Heart failure is a condition in which the heart can’t pump blood the way it
should. In some cases, the heart can’t fill with enough blood. In other cases,
the heart can’t send blood to the rest of the body with enough force. Some
people have both problems.
Heart failure develops over time as the pumping of the heart grows weaker. It can
affect the right side of the heart only or both the left and right sides of the
heart. Most cases involve both sides of the heart.
Right-side heart failure occurs
when the heart can’t pump blood to the lungs, where it picks up oxygen.
Left-side heart failure occurs when the heart can’t pump enough oxygen-rich
blood to the rest of the body. Right-side heart failure may cause fluid to build up
in the feet, ankles, legs, liver, abdomen, and, rarely, the veins in the neck.
Right-side and left-side heart failure also cause shortness of breath and fatigue
The leading causes of heart failure are diseases that damage the heart. These
include coronary artery disease (CAD), high blood pressure, and diabetes. "Heart
failure” doesn’t mean that your heart has stopped or is about to stop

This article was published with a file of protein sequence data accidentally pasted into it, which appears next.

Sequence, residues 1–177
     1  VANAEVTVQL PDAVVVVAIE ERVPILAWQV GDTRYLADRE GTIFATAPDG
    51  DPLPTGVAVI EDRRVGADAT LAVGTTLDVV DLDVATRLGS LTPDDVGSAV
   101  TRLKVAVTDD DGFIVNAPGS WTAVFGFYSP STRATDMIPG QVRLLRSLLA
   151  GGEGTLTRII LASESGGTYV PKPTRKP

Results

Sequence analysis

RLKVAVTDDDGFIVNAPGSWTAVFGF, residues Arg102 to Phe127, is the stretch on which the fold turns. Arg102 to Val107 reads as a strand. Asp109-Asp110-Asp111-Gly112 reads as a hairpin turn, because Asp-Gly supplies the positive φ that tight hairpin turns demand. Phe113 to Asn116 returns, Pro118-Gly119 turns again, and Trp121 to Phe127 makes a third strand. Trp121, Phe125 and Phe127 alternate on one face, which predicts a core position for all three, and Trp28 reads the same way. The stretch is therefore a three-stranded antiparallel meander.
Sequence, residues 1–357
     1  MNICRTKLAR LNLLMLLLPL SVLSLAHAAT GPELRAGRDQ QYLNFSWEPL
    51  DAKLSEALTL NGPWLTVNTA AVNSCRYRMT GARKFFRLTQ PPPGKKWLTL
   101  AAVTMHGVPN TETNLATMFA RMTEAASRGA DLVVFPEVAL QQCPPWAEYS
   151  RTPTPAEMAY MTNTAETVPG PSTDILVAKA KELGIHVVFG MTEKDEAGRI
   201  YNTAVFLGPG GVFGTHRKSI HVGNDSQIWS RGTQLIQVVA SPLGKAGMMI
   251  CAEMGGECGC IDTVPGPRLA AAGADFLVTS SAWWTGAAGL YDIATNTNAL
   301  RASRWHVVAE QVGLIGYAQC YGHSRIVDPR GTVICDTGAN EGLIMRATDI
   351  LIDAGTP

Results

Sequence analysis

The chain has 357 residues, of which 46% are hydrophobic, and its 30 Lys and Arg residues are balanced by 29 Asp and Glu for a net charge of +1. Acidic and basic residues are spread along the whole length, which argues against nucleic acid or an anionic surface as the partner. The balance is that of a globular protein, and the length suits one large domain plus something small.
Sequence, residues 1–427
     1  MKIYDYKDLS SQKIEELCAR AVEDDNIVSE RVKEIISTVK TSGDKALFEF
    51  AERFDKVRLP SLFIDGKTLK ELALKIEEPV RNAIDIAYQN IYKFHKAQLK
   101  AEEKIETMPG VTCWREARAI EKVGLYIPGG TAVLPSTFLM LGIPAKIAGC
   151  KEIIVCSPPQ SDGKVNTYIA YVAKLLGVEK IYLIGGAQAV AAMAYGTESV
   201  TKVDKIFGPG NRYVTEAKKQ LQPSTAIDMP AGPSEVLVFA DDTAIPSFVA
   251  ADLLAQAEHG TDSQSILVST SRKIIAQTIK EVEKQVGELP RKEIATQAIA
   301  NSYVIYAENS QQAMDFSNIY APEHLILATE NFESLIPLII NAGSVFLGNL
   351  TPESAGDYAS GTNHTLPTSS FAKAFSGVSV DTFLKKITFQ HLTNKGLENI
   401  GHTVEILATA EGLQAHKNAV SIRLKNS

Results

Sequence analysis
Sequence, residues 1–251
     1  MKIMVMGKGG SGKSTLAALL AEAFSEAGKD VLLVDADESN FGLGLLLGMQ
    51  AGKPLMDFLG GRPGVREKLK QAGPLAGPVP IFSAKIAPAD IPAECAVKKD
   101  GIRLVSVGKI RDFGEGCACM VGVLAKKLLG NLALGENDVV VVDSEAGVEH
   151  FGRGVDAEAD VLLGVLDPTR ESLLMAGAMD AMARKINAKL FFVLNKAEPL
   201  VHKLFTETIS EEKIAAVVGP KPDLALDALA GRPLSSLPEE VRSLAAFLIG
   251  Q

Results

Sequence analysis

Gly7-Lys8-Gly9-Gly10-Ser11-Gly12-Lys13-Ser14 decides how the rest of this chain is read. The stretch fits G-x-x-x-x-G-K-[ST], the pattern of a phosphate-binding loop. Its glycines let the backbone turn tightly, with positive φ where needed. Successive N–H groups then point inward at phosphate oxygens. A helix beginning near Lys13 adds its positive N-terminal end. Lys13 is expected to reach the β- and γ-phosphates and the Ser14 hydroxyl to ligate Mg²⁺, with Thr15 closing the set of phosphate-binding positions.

working. However, it’s a serious condition that requires medical care.
Heart Failure: What You Need to Know Brochure
Signs and Symptoms
The most common signs and symptoms of heart failure are:
Shortness of breath or trouble breathing
Swelling in the ankles, feet, legs, abdomen, and, rarely, the veins in
All of these symptoms are due to the buildup of fluid in your body.
Prevention and Management
Taking steps to prevent coronary artery disease can help prevent heart failure.
These steps include following a heart healthy diet, not smoking, doing physical
activity, and losing weight if you’re overweight or obese.
Working with your doctor to control high blood pressure and diabetes also can help
prevent heart failure. People who have heart failure can live longer and more active lives if it’s
diagnosed early and they follow their treatment plans.
For most women with heart failure, treatment includes prescription medications and
lifestyle adaptations. Currently, there’s no cure for heart failure. However, researchers are finding
and testing new treatments. These treatments offer hope for better ways to delay heart
failure and its complications.
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WomenHeart: The National Coalition for Women with Heart Disease is a nonprofit, 501(c)(3) patient advocacy organization with thousands of members nationwide, including women heart patients and their families, health care providers, advocates and consumers committed to helping women live longer, healthier lives. WomenHeart supports, educates and advocates on behalf of the 42 million American women living with or at risk of heart disease. Our programs are made possible by donations, grants and corporate partnerships.
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